The difference between the two systems is roughly the difference between preset prices and haggling. In the quota system, the price of each seat is fixed. If you have a quota, you can buy a seat. In D’Hondt, you can bargain. Ok, I’ll give you x votes for 2 seats or y votes for three seats. The critical difference is that the price for a full seat is lower in D’Hondt. Big parties buying multiple seats at full price can thus buy more seats. If the price of a quota is higher, why do small parties do better in a quota system? They don’t pay full price! The last seat a party wins can come at a discount. For small parties, the last seat is the first seat. Thus the New Party was able to win a seat with only 40% of a quota.
These extremely cheap first seats can cause major problems. While they help ensure a voice for small parties, they also create a strong incentive for big parties to splinter. Remember, if the DPP breaks into three parties called Chiang, Lin, and Chang, it can win three seats instead of two. The DPP is actually penalized for presenting a common name and a common platform. It should split up into lots of small parties. If you think this sounds far-fetched, it is actually an accurate description of what happened in Colombia. After several election cycles, the politicians figured out how to work the system and eventually every party list elected only one person. In other words, they turned a quota system into SNTV. This eventually led to electoral reform to a German-style mixed electoral system.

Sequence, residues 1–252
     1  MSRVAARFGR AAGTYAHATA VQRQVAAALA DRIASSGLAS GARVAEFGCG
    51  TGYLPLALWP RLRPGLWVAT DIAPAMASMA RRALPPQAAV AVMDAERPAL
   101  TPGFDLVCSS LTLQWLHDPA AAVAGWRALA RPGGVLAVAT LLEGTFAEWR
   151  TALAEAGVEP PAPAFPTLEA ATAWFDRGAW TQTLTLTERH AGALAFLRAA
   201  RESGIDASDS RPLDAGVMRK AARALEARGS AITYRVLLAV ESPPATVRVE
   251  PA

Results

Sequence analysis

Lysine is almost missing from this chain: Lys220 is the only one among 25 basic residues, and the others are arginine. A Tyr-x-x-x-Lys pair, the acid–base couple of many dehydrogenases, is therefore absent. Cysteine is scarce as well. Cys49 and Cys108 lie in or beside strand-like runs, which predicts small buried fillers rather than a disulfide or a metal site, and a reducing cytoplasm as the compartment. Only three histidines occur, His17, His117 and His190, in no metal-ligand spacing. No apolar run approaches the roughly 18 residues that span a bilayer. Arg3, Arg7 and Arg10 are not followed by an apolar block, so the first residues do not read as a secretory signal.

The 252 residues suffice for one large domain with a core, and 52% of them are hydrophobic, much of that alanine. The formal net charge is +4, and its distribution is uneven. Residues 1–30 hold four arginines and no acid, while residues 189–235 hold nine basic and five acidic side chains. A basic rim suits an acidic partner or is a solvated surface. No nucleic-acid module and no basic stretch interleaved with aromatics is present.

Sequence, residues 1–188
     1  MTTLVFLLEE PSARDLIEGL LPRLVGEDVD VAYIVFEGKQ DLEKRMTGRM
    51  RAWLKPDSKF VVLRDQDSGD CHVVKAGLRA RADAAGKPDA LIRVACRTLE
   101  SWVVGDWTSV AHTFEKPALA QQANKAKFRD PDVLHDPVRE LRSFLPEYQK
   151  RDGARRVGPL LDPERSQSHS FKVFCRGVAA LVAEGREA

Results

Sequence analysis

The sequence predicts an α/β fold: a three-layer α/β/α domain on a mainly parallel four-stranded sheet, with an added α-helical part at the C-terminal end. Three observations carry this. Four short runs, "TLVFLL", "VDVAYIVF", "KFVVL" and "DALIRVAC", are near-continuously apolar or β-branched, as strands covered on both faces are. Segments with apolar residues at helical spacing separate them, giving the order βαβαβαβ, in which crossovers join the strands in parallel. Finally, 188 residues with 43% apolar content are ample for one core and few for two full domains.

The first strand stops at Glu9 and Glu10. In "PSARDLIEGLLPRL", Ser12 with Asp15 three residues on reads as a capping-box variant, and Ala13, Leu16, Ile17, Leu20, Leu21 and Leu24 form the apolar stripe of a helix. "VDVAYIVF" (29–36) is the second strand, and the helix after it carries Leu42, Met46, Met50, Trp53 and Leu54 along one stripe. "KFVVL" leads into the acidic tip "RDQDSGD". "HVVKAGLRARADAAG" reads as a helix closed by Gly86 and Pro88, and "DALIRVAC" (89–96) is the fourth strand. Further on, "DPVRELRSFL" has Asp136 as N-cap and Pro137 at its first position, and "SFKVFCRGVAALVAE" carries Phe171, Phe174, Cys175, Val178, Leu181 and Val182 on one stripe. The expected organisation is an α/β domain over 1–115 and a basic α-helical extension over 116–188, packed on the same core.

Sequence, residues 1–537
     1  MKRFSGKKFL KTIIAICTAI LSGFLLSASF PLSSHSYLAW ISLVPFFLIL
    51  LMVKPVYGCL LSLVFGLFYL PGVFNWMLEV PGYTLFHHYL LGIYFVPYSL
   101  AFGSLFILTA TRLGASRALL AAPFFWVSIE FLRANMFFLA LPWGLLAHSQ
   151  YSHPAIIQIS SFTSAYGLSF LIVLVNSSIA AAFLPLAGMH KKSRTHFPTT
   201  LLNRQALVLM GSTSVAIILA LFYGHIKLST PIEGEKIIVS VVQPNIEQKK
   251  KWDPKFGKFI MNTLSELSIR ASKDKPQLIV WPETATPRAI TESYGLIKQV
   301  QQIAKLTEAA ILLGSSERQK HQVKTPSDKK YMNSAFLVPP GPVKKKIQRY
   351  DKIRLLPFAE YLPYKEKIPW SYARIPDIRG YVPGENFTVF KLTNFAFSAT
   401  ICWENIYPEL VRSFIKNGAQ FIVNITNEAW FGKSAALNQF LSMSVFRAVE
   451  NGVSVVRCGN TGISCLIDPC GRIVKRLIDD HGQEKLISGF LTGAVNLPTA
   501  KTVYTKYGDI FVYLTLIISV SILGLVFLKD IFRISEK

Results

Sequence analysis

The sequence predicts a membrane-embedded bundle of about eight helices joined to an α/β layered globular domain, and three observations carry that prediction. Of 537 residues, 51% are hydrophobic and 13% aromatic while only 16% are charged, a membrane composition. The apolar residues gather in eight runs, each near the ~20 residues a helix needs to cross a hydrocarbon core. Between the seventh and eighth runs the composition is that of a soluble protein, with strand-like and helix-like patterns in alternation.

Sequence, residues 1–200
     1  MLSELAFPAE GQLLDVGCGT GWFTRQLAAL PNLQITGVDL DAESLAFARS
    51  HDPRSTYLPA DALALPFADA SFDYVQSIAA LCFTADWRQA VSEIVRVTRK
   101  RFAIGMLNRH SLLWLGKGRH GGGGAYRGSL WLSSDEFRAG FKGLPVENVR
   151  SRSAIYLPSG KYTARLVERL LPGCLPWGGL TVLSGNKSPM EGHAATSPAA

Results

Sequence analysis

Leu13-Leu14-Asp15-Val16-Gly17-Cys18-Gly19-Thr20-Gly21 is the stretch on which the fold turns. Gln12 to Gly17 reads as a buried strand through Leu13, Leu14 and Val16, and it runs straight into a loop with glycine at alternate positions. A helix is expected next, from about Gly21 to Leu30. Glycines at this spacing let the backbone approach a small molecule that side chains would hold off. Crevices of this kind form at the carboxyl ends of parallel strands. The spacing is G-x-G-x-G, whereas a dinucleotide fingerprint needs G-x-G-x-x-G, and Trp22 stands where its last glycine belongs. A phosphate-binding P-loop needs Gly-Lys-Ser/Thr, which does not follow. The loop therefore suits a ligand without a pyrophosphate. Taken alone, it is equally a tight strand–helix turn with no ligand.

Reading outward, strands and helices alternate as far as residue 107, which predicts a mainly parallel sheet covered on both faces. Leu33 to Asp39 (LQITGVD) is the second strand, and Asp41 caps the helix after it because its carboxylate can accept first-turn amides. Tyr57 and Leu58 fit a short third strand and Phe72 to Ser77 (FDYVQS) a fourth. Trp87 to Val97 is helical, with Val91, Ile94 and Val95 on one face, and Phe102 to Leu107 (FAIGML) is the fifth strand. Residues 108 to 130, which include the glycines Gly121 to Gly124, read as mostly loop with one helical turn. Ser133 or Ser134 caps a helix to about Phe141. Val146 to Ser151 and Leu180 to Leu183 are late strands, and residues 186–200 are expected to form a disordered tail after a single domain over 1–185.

These problems haven’t cropped up in Taiwan for two separate reasons. In seat apportionment, each district is guaranteed one seat regardless of size, so the various districts are only competing for full quotas. Anyway, cities and counties aren’t really strategic actors that can split up or merge for electoral gain. In the legislative elections, the 5% threshold ensures that parties cannot win one cheap seat. Any party that gets at least 5% will win at least two seats, so all additional seats require a full quota.
What happens if we use the quota rule on the 375 municipal council seats?
|actual||no errors||CEC rule|
This is a much more proportional result. The two big parties get roughly the same seat share as their vote share. The four small parties also do much better, though they still don’t get quite as many seats as votes.
Anyway, this little exercise was just for my fun. Some people like to think about how to get more votes. I like to think about how to turn the votes you already have into more seats. I’m just a nerd that way.